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India Push to Settle Global Trade in Rupees ‘Not Without Risks’

Last July, the RBI introduced a new mechanism to settle international trade in rupees, aiming to promote exports and facilitate imports

A cashier checks Indian rupee notes
A cashier checks Indian rupee notes. Photo: Reuters


India’s push towards internationalisation of the rupee will come with its own set of challenges and the likelihood of greater volatility, a deputy governor at the country’s central bank said.

The country needs to gear up to manage the inevitable volatility that will emerge in the foreign exchange market, the official said. His comments come at a time when India is increasingly pushing to promote trade denominated in rupees.

“It is now widely accepted that while internationalisation and a freer capital account comes with its own set of benefits, it is not without risks,” M Rajeshwar Rao, Deputy Governor at Reserve Bank of India (RBI), said.


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“Freer capital flows come with their own set of challenges, the primary one being that of volatility and we need to gear up to manage that.”

Rao did not expand on how to manage the volatility in his comments, which were part of his keynote address at a conference organised by the Foreign Exchange Dealers’ Association of India (FEDAI) on Sunday. The RBI published a copy of the speech on its website on Thursday.

Rao said there was a “good amount of interest” in the rupee trading arrangements the RBI was putting in place. And if the central bank’s efforts towards rupee-invoicing bear fruit, local exporters and importers will not need to hedge, he added.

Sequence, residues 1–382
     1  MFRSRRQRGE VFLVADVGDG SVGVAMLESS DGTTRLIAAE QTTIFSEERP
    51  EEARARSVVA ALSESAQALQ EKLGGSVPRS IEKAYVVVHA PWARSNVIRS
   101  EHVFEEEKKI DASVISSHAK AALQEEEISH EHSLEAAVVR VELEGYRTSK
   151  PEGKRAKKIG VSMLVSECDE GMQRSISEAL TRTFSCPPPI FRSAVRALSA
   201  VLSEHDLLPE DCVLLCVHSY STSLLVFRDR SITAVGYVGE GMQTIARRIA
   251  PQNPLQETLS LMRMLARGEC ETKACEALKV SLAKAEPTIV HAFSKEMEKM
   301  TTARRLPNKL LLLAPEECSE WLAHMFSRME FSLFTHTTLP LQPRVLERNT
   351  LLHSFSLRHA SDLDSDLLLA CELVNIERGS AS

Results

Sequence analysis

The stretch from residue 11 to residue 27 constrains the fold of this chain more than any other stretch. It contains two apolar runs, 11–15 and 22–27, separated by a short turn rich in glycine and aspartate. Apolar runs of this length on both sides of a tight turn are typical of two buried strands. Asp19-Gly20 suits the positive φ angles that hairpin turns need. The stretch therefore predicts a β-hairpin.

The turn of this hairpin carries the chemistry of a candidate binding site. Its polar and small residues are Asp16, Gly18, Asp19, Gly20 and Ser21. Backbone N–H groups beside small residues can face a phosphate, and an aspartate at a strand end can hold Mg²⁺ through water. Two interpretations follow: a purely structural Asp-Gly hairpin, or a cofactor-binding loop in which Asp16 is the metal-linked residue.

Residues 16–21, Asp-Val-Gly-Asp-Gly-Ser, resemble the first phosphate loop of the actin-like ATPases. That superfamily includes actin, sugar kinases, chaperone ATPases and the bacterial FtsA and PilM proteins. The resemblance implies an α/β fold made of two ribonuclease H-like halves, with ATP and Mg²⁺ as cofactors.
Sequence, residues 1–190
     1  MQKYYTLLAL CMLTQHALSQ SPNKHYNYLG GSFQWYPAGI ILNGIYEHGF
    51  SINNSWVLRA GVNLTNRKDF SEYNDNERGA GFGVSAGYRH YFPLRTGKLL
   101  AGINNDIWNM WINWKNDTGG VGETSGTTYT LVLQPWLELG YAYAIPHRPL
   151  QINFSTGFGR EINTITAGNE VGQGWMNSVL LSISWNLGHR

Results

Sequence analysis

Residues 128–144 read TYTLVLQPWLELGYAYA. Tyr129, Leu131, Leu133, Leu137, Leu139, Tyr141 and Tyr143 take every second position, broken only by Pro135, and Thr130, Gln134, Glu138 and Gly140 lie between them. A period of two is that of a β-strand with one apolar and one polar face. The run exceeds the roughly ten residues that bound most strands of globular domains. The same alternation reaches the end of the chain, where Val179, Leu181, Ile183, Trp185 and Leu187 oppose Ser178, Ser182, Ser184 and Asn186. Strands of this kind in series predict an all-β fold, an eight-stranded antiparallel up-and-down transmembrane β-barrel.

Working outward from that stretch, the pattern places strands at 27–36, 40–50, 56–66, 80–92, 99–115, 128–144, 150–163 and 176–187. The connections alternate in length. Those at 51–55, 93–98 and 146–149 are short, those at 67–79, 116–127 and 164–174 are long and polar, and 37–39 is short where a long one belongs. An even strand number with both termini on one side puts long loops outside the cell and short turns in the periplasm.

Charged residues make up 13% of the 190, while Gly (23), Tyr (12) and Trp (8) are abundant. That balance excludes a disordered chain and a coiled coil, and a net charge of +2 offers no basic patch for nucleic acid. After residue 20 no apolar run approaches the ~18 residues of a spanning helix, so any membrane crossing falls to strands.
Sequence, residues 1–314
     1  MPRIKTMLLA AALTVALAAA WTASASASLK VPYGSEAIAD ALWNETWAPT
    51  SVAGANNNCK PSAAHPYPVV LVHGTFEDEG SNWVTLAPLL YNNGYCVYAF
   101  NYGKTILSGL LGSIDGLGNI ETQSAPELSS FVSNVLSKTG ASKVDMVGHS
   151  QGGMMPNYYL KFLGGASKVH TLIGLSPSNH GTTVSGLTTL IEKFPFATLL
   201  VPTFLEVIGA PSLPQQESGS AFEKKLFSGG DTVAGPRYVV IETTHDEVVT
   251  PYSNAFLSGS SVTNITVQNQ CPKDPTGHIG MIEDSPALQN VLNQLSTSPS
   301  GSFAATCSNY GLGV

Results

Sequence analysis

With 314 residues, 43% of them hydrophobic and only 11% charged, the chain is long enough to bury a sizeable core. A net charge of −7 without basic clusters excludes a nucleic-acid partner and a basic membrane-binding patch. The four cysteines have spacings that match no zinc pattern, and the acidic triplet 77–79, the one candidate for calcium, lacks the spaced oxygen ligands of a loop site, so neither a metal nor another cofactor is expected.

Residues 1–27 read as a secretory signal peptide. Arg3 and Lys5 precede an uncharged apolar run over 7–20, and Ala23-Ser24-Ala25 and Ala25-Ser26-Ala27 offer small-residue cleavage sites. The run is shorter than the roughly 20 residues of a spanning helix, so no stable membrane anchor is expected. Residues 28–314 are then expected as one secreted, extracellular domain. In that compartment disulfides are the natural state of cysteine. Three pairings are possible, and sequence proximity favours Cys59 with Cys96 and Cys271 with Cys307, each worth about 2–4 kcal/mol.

‘New frontiers’

An international currency is one that is freely available to non-residents, essentially to settle cross-border transactions. In the case of the rupee, this will be achieved by promoting the currency for import and export, without any limits.

Last July, the RBI introduced a new mechanism to settle international trade in rupees, aiming to promote exports and facilitate imports.

India’s moves, however, will make the rupee more reactive to global events and that would increase outflows, increasing volatility.

While Rao cautioned that increasingly interconnected markets will bring greater challenges, there were also opportunities.

New frontiers will also emerge as Indian banks expand their presence in offshore markets, non-residents participate more in domestic markets, and technological changes continue to transform the way markets function, he said.

In such an environment, Rao said, the RBI remains committed to continuously move ahead steadily and in line with the changing macro-financial environment globally and domestically.


  • Reuters, with additional editing by Vishakha Saxena


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Vishakha Saxena

Vishakha Saxena is the Multimedia and Social Media Editor at Asia Financial. She has worked as a digital journalist since 2013, and is an experienced writer and multimedia producer. As a trader and investor, she is keenly interested in new economy, emerging markets and the intersections of finance and society. You can write to her at [email protected]


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